ROAD TO THE
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ACCORDING TO THE MYTH of the modern welfare state, the nineteenth century was a lethal battleground in which the poor and the unskilled wandered unprotected and forlorn against the power of employers and landlords, men who occupied the commanding heights of the economy through their two-pronged strategy of laissez-faire economics and Social Darwinism. It was an age of take the meager wages or starve; pay the exorbitant rent for a slum tenement or sleep out in the streets. There was no social safety net, no compassion, no recourse. The common people were naked before their oppressors.
There is a germ of truth to this. When immigrants to the industrial city first arrive, either as peasants direct from rural idiocy, or as emigrants from a far away land, they lack, initially, the social support system enjoyed by those who are born to the city or who have already struggled their way up from indigence. And there are a lot of them. The nineteenth century saw the beginning of the worldwide human migration to the city that continues to this day. It was a flood tide that engulfed and transformed the cities of the world. The first people to experience it on the receiving end were the nineteenth century middle classes who had learned to live in the city in previous centuries. Hardly indifferent to the plight of the poor, they understood that the flood of immigrants represented an enormous challenge that called for answers. They started responding with answers almost before they knew there was a question; if they didnt, they knew, the immigrant tide might inundate the whole city.
But the immigrants were not helpless. They had not risked their lives in a hazardous ocean crossing or abandoned their scanty livelihood on the farm to molder in the city in helpless victimhood. They were determined to thrive, and thrive is what most of them did. In every city they planted and tended dense underbrush of social service agencies of all kinds, from local government, churches, mutual-aid societies, ethnic associations, labor unions, and service organizations. There was a safety net, and it developed spontaneously, in response to the actions of millions of people. It just wasnt the system of the modern welfare state, a safety net consciously spun and woven by a national political elite and maintained by a national governments laws and functionaries. It was something else.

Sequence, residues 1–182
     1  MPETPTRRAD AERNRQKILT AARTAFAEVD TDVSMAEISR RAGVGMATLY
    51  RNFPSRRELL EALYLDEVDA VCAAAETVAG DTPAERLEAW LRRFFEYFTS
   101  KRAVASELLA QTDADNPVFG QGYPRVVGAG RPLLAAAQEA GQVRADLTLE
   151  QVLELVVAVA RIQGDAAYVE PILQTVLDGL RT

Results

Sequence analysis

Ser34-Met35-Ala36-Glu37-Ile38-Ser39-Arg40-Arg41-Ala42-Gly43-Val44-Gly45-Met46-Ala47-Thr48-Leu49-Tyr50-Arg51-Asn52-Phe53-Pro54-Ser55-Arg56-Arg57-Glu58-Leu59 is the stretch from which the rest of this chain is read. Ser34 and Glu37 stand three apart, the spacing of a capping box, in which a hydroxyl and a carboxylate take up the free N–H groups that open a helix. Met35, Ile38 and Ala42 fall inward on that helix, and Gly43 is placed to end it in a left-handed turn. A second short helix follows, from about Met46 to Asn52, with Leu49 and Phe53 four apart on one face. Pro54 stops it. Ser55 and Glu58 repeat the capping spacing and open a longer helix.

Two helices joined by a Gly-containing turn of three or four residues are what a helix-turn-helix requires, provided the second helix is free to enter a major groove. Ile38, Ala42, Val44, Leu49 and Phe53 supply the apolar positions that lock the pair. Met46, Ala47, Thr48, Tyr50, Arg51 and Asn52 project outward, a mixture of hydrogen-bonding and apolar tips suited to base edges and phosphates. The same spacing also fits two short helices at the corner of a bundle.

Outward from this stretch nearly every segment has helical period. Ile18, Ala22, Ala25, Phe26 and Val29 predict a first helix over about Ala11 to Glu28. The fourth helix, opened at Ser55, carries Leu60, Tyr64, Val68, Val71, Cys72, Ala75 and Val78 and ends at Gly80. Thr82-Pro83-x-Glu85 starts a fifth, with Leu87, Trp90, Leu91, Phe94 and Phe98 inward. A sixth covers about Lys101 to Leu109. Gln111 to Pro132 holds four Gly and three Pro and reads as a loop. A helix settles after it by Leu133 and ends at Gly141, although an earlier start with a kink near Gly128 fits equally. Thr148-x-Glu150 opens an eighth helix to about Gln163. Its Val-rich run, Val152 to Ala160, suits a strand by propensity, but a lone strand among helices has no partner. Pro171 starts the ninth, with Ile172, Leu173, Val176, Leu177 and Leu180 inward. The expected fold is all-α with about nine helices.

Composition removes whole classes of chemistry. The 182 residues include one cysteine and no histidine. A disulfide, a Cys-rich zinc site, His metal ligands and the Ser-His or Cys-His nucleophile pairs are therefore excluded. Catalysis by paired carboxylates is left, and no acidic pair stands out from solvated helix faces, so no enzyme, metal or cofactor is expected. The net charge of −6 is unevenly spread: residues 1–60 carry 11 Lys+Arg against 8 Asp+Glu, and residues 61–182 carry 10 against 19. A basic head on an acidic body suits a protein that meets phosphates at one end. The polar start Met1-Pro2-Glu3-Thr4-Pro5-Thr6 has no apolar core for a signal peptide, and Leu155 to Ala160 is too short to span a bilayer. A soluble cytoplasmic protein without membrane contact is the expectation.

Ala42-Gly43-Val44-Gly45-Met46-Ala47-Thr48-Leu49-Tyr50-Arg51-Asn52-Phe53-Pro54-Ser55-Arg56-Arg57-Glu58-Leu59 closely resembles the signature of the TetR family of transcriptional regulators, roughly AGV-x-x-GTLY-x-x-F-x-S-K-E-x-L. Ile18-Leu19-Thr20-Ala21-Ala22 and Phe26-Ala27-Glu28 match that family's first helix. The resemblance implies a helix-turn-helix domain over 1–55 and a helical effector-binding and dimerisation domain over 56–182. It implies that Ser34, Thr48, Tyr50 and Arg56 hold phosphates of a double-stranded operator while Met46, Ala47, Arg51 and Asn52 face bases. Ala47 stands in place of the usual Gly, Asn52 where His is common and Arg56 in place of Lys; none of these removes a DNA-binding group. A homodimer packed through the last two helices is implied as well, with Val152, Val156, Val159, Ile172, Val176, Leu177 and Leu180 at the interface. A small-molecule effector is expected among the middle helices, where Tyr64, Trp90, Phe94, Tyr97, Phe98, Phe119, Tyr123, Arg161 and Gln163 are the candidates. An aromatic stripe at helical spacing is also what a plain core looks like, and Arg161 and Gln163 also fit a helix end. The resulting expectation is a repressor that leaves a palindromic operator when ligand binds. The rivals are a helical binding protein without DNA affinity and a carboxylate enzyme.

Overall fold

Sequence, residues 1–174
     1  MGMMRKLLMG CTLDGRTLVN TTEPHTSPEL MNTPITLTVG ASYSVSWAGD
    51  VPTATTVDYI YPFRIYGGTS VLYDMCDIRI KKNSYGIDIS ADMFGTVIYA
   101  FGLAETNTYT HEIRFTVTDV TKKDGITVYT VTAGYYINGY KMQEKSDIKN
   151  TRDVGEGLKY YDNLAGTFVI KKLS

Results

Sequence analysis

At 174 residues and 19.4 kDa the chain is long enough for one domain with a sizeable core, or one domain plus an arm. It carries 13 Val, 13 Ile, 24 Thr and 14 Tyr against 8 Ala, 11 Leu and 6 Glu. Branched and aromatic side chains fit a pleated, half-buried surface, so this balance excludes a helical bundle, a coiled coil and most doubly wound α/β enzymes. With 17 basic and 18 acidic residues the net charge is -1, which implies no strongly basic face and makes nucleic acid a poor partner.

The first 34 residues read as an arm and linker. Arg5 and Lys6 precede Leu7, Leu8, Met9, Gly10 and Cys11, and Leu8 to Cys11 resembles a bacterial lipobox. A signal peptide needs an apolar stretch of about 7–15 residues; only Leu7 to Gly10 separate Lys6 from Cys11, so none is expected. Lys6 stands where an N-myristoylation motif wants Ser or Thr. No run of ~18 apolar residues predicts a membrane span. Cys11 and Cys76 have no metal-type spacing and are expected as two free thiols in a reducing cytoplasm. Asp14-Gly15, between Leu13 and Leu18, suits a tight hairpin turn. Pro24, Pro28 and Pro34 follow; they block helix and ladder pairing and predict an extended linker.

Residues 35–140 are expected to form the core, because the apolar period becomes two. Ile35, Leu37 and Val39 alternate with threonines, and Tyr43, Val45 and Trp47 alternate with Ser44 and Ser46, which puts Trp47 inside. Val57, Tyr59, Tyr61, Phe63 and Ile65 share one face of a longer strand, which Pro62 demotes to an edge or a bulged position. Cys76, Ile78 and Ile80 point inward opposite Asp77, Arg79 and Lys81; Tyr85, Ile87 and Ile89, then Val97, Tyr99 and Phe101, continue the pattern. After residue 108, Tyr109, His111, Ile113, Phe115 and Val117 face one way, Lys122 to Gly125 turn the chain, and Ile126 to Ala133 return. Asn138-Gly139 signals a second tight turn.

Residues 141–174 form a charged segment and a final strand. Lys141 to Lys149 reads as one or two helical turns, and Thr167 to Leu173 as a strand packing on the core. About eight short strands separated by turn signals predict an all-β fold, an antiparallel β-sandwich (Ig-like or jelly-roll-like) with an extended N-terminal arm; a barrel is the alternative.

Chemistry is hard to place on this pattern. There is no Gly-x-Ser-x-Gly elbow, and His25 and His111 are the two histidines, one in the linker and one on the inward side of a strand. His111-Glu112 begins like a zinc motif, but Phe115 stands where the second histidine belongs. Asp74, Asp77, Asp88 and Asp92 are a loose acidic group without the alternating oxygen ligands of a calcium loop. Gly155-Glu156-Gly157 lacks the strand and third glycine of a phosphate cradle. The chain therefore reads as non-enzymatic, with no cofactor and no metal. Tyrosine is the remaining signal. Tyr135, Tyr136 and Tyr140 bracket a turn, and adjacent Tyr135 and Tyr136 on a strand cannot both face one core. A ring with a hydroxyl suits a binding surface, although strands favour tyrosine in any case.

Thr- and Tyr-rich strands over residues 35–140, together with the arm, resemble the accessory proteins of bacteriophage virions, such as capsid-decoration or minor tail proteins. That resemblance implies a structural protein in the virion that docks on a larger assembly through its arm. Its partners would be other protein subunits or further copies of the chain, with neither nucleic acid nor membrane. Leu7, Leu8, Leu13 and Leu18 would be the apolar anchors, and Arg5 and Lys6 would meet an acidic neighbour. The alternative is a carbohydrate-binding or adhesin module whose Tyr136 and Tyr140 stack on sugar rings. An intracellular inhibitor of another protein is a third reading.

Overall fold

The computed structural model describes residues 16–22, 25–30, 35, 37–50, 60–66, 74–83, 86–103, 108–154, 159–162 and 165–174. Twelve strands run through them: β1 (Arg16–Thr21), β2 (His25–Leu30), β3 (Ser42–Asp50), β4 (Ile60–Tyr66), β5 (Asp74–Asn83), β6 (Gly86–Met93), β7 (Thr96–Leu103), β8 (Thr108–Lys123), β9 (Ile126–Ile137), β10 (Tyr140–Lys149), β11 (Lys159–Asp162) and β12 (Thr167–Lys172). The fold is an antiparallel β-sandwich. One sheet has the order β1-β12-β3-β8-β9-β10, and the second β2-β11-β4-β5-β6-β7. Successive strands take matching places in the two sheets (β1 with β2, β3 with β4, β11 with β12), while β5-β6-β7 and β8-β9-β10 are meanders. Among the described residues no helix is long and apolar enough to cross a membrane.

At the center of this social safety net, in the United States and the United Kingdom at least, was a system of fraternal organizations, descended indirectly from medieval guilds, that brought ordinary people together on the basis of some affinity, real or imagined, in which they could organize and deliver mutual-aid and social benefits to each other in a social framework of brotherhood and reciprocity. Because they were not trying to impress anyone, they could indulge themselves with fanciful names and titles: Irishmen could come together in the Ancient Order of Hibernians; blacks in the Grand United Order of Galilean Fishermen; Jews in Bnai Brith. The British working classes came together in friendly societies, most prominently in the Manchester Unity of Oddfellows and the Ancient Order of Foresters.